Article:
Whitnall fail: Part Deux
In 1959, a master plan for the California Freeway and Expressway system was adopted by the state legislature. A part of this proposed system was the eight-lane Whitnall FREEWAY (often confused in scholarship with our Whitnall Highway), a 28-30 mile route that, at its grandest, was to run east-west from the intersection of the 5 and the 170 in Burbank all the way to Malibu, where it would intersect with the PCH. Throughout the '60s and early '70s different routes were proposed (one was finally adopted in 1966), the state bought land, and many of the potential 2,363 displaced homeowners vehemently protested its construction, as did residents in Malibu Canyon.
In 1970 Malibu residents, citing ecological and economic concerns, were able to have 7.5 miles of the proposed freeway deleted from the master plan. Due to budget cuts and new environmental restrictions, Whitnall Freeway fell years behind schedule. In parts of the valley homeowners protested that their frozen property in the right-of-way area had stuck them in a permanent limbo as they waited for the government to proceed. Four different attempts were made by valley assemblymen to eliminate the freeway from the master plan. In 1975 plans for the Whitnall Freeway were finally abandoned by Caltrans, and the state held a huge sale, selling the roughly 10 million dollars worth of land it had accumulated in preparation for the freeway's construction.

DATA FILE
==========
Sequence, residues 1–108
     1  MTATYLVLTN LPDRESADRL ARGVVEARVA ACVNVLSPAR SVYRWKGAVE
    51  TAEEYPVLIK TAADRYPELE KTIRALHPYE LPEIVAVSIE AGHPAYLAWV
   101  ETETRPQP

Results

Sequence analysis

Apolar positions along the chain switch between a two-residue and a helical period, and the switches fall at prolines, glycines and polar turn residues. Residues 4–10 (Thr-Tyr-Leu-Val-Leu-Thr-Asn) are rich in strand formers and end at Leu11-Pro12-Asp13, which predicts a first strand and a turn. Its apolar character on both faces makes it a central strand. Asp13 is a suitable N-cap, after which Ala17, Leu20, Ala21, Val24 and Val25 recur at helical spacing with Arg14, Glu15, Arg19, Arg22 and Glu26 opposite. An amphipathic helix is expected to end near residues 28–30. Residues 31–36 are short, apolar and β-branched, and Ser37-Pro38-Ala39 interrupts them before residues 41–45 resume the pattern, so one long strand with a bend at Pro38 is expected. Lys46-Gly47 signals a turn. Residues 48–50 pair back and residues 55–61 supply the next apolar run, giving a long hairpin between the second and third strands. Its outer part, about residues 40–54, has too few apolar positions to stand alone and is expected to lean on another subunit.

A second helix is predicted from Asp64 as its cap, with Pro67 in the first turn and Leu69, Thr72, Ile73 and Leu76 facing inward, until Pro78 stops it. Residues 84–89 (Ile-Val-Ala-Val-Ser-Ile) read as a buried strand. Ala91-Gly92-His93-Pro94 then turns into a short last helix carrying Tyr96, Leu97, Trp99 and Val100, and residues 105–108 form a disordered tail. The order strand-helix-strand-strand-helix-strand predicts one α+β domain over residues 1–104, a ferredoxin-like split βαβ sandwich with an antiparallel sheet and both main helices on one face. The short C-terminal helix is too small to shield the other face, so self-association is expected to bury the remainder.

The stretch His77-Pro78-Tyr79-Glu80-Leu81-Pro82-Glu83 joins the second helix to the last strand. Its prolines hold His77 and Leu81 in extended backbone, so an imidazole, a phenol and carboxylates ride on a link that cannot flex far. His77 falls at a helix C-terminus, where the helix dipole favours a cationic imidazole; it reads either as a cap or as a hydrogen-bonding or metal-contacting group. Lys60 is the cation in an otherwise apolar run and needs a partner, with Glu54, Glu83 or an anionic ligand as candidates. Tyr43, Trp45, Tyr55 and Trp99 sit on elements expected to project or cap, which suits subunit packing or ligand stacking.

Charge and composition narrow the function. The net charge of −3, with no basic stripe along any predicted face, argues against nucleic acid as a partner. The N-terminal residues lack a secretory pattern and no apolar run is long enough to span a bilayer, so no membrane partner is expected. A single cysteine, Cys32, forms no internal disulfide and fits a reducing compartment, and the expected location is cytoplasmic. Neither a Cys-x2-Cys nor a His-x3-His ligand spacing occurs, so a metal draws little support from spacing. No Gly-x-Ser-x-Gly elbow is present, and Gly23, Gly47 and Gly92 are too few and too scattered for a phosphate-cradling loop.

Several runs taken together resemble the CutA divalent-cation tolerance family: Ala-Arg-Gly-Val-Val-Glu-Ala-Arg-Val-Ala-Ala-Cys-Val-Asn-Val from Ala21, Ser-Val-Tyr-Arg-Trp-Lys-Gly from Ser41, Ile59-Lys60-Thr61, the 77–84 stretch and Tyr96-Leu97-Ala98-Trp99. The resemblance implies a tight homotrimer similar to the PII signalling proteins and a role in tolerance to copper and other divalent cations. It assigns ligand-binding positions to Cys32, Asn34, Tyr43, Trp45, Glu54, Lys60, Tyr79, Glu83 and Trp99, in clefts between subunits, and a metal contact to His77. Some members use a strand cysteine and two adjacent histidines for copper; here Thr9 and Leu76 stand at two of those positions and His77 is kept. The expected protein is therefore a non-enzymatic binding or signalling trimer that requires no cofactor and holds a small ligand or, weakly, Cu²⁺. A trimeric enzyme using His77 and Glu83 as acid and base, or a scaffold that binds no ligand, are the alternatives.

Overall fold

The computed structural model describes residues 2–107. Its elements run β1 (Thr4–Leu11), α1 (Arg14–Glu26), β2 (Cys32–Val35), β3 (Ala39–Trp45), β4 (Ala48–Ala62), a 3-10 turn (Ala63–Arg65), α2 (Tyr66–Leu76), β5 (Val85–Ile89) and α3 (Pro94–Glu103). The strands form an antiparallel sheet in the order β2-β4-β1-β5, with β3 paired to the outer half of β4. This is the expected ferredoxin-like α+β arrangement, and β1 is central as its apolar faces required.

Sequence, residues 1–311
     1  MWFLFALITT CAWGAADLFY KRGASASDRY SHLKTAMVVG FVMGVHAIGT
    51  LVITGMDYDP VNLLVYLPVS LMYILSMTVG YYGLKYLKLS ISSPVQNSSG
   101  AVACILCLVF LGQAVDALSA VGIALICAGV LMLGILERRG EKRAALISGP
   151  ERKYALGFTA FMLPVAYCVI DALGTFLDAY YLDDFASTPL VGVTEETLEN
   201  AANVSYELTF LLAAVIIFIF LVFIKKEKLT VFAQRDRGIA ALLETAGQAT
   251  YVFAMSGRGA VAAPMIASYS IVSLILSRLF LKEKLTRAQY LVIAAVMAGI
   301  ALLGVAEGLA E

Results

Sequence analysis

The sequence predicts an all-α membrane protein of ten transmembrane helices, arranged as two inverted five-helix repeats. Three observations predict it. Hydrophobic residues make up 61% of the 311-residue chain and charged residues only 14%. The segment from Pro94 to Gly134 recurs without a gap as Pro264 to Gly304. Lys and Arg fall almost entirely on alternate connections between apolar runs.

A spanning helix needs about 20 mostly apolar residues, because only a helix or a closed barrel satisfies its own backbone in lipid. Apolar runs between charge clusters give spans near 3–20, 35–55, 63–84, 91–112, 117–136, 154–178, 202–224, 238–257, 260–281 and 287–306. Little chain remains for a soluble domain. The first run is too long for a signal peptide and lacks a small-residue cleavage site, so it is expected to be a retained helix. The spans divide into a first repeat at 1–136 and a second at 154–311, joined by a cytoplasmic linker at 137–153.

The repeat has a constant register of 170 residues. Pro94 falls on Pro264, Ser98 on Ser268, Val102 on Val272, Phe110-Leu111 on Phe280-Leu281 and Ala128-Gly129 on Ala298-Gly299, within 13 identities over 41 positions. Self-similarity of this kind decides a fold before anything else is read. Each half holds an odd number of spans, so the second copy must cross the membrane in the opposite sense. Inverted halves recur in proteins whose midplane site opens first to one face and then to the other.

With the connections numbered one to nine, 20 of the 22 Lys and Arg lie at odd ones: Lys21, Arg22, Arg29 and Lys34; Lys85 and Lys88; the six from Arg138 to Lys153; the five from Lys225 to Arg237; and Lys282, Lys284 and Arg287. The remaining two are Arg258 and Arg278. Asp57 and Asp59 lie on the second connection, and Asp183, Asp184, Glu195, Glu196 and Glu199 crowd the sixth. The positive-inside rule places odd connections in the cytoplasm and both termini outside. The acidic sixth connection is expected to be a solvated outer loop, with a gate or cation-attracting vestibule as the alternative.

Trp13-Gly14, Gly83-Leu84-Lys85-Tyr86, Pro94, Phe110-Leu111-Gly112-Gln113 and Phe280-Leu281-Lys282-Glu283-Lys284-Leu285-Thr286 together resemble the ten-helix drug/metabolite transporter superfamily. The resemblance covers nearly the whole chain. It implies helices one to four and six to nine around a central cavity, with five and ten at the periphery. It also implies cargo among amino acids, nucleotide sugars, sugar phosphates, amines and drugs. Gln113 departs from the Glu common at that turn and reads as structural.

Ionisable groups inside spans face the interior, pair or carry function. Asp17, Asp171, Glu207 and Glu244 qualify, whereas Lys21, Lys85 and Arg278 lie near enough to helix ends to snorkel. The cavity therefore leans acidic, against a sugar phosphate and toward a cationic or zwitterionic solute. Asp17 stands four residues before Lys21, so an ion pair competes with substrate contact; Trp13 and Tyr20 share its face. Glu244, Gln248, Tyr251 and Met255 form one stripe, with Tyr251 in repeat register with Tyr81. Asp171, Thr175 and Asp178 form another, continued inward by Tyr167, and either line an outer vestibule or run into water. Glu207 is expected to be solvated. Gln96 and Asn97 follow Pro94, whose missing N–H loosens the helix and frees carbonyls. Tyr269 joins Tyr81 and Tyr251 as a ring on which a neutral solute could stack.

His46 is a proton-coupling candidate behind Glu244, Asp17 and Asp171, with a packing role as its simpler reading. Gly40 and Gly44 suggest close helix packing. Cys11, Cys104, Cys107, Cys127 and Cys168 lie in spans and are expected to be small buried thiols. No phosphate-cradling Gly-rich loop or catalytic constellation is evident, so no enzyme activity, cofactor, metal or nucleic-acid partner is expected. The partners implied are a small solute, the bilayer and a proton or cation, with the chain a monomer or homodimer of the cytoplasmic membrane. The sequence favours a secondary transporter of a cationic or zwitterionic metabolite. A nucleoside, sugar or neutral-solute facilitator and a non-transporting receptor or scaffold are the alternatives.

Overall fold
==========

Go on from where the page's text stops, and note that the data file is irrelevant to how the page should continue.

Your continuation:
Once again another plan for a speedway named after Whitnall fell apart.